Blacking out the Internet has become a popular tactic for governments hoping to quell internal rebellion and protest. In the past year alone, there have been more than 100 shutdowns in 29 countries, including Zimbabwe, Kazakhstan, Sudan and Ethiopia, according to the digital rights group Access Now. In August, the Indian government shut off Internet and phone service to Kashmir after revoking the region’s autonomy. Last month, Iran, too, imposed a blackout after protests erupted over a significant hike in gas prices. The government shut down Internet and wireless data services for five days as it violently quelled demonstrations, killing at least 180 people.

Shutting off the Internet seems drastic. And it is — but not as a means for controlling what information reaches the citizens of the country being disconnected. What happened when Iran pulled the plug is telling: The shutdown appeared to do little to quell the unrest or thwart efforts to coordinate demonstrations, which continued throughout the blackout. Authorities made no attempts to monitor who was saying what to whom, or how, or where people were learning about the protests.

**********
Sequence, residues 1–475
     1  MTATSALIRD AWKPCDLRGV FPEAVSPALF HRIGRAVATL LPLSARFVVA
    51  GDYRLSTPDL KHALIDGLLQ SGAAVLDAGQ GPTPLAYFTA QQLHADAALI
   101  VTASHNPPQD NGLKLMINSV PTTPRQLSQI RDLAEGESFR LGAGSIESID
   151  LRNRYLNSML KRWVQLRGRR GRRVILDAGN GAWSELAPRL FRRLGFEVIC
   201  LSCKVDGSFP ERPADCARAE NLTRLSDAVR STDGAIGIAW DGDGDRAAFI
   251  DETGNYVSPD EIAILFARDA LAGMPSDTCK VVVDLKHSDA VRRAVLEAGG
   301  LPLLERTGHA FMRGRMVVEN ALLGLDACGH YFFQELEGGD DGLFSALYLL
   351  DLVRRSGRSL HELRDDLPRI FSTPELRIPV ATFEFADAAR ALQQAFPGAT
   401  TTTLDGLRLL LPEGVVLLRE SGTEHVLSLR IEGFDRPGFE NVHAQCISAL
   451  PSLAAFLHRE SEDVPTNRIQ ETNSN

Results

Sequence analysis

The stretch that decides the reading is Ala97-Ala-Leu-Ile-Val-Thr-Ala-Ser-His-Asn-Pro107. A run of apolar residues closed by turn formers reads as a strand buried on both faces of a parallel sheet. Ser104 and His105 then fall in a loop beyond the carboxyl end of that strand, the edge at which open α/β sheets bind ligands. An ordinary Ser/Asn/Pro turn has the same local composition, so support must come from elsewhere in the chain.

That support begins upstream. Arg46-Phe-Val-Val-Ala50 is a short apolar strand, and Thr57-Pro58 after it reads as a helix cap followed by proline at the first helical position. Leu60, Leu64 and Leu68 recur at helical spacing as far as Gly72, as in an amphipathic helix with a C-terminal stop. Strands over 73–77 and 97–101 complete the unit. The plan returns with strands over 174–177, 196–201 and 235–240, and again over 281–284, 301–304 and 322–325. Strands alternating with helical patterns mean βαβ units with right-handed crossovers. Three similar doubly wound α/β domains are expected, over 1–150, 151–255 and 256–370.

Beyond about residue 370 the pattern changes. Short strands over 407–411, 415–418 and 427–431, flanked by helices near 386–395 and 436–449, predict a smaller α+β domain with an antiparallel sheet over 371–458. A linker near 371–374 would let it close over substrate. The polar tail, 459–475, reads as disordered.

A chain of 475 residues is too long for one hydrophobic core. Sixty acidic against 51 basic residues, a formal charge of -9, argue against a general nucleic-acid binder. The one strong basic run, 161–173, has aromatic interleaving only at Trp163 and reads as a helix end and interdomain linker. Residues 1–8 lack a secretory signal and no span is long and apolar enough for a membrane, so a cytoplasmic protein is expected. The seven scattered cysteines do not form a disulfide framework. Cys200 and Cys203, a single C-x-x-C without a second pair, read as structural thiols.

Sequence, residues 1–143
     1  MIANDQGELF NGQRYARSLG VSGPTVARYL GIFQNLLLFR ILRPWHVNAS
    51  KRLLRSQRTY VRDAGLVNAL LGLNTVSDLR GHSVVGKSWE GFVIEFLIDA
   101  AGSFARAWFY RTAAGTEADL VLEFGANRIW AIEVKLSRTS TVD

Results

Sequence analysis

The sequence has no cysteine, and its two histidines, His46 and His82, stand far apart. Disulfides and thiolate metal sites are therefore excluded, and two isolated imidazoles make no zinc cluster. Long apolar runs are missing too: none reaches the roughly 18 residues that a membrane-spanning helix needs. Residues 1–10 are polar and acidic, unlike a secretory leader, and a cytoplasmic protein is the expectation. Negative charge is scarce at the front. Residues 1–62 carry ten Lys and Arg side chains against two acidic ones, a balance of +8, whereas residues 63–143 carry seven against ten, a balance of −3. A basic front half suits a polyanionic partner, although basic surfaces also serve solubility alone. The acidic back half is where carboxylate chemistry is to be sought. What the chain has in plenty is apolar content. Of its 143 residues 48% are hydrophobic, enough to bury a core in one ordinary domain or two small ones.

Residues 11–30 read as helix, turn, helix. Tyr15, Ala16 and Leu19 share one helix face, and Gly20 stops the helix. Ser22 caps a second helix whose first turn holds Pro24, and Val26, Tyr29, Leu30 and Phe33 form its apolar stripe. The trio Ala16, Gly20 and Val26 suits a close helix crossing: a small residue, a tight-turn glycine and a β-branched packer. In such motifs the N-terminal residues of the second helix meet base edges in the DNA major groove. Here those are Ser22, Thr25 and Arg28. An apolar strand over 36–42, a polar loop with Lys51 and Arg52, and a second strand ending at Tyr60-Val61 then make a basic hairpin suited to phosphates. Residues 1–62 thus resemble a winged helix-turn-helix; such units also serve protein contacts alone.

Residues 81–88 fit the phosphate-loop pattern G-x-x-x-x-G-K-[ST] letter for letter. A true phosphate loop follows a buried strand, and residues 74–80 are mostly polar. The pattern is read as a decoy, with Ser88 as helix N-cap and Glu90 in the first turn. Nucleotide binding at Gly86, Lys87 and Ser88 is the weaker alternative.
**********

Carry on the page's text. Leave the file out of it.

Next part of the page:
What an Internet blackout really shows is that a government is panicked about how little control it has. It’s an act of last resort by officials desperate to keep information away from citizens, or desperate to prevent citizens from telling the world what’s happening.

Every country has a slightly different idea of what a secure Internet would look like — and of the threats of online access. Russia, for example, is testing a plan to disconnect its national Internet from the rest of the global network. That indicates authorities see the threat as external in nature, rooted in concerns that outside organizations and countries might shut off access to essential Internet infrastructure and resources.

In China, the threat takes a different form: the possibility of outside content breaching their layers of network filtering and destabilizing society from within. As images of students engulfed in tear gas and videos of police officers shooting a protester in the street during the protests in Hong Kong have drawn widespread international attention, the government has responded by spreading disinformation. Fake social media accounts on Facebook and Twitter compare the protesters to the Islamic State and suggest that their actions were violent and funded by Western countries. In many cases, since this government propaganda was so far afield from what was being reported in news outlets, these disinformation efforts were fairly clumsy and transparently obvious — suggesting that, for all the energy China has expended on censoring incoming traffic, it has given much less thought to the problem of controlling outbound traffic.